Kinzen's Weekly Wrap - October 15, 2021

One of the most jarring revelations from Facebook whistleblower Frances Haugen focuses on the international failures of content moderation. Haugen revealed to Congress that 87% of Facebook's misinformation investments are focused on the English language, but only 9% of Facebook users actually speak English.

John Oliver did a deep dive on this, so if you’re looking to learn more about the experience of disinformation in other global languages, check it out

Kinzen works in 10+ languages, expanding to 20+ soon. So we have a pretty unique perspective on all this. Tune in next week for more from me on this…

Also this week, we announced a unique partnership with Griffith College here in Dublin to provide a leadership programme for people working in Trust and Safety. This course is aimed at early-stage trust, safety and content moderation professionals who are keen to progress into management and team leader roles in the sector. More course details are available here.

For Your Headphones This Weekend: Podcast Slot

It’s worth listening to Ben Decker on the Synthetic Society podcast. Ben is a former colleague and now the founder and CEO of Memetica. He talks through learnings from his research into disinformation on social media, and considers the future of content moderation. 

Editor’s Pick: Book Slot

Writer Otto English recently published Fake History: Ten Great Lies and How They Shaped the World. In it, he journeys through various events and aspects of historical thinking to pierce common wisdom. He documents how simplified historical narratives are used to serve present-day politics.

It’s a fun and surprisingly light read, considering the weightiness of the topic. For a reminder that disinformation is hardly a new problem, it’s worthwhile to check it out.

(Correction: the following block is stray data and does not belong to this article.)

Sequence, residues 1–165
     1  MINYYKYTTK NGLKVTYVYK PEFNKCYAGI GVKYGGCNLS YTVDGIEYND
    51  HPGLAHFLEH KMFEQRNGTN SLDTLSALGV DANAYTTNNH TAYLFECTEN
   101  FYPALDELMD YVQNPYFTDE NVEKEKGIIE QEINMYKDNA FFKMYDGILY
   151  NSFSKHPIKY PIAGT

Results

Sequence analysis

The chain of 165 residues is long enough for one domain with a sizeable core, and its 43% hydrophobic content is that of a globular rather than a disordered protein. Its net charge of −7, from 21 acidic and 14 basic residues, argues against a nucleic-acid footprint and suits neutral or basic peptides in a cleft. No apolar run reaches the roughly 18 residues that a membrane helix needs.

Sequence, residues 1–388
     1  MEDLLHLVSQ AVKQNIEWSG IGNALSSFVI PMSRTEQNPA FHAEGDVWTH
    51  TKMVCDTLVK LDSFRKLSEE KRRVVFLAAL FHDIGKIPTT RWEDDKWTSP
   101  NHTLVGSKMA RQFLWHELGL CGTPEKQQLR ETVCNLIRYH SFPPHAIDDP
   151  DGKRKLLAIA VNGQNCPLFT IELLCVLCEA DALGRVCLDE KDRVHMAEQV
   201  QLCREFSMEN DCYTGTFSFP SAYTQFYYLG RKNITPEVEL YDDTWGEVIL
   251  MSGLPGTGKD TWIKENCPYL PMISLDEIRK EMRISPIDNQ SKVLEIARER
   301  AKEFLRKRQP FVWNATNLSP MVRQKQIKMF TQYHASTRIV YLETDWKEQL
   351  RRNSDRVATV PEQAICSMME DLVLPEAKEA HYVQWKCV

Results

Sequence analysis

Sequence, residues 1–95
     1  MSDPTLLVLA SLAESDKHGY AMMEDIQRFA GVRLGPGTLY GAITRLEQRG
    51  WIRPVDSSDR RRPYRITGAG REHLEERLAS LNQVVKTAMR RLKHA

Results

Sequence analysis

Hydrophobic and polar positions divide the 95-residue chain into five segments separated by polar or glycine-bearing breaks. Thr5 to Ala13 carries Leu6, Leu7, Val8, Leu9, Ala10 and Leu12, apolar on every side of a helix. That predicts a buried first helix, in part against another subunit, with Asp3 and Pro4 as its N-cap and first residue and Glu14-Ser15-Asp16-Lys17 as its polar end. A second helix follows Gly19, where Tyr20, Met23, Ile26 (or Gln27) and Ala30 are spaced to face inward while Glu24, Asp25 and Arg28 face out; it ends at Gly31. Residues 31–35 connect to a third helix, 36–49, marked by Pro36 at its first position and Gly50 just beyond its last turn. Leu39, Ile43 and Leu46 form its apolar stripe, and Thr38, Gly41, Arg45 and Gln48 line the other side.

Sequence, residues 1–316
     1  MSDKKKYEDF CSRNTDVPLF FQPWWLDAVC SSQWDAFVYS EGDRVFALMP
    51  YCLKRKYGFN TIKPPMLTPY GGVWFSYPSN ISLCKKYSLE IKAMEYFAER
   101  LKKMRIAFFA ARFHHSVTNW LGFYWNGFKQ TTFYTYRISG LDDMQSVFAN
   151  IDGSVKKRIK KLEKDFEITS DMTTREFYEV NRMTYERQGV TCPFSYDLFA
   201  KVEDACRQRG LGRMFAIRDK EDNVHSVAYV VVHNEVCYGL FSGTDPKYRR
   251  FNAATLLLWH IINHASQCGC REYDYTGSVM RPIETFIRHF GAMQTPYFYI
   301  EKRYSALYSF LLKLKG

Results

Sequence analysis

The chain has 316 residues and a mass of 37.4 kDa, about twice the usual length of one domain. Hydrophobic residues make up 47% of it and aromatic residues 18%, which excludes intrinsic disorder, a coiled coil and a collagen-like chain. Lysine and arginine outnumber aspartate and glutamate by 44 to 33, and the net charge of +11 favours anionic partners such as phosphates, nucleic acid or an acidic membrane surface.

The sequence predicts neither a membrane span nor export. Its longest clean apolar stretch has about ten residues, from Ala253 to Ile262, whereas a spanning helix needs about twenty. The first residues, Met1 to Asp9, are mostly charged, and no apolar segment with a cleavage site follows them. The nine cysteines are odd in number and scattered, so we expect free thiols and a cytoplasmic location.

Recommended Articles: From the Kinzen Slack channels this week

The Washington Post. Why outlawing harmful social media content would face an uphill legal battle

If you’re looking into regulation of social platforms and disinformation, look no further than the work of Jeff Kosseff and Daphne Keller. Here, they team up for insights into the difficulties of regulating algorithms in the United States. The First Amendment has such a big bearing on what is possible. Lately, there’s been some discussion that while it may be impossible to regulate “freedom of speech”, maybe it would be possible to regulate “freedom of reach”. But Kosseff and Keller say that the same challenge awaits. (Also worth checking out Twitter’s guiding principles for regulators, released this week.)

The Atlantic. It’s Not Misinformation. It’s Amplified Propaganda.

Renée DiResta argues that the word “propaganda” is so often considered from a top-down perspective, because of the rise of totalitarianism in the 1930’s. But in the age of social media, there is a similar phenomenon springing from the bottom-up: amplified propaganda. She calls it “ampliganda”. This piece reflects on the growing calls for more agreed definitions around terms like disinformation and misinformation. 

First Draft. Covid-19 vaccine misinformation and narratives surrounding Black communities on social media

Useful research providing insights into the role of vaccine misinformation affecting Black communities. Includes a detailed breakdown of the methodology involved and recommendations for platforms.

Bloomberg. Social Media Platforms Share Little in Fight Against Misinformation

This article focuses on how platforms don’t always work in tandem when dealing with misinformation. On the one hand, cooperation can be useful. Shared learnings. Adopting standards content moderation that are guided by best practices. But it may also be true that each platform has its own unique challenges and needs to have its own way of working through them.

Sky News. COVID-19: Unvaccinated pregnant women make up one fifth of most critically ill coronavirus patients in England

It’s tragic to see vaccine misinformation around fertility and pregnancy having this real-world impact.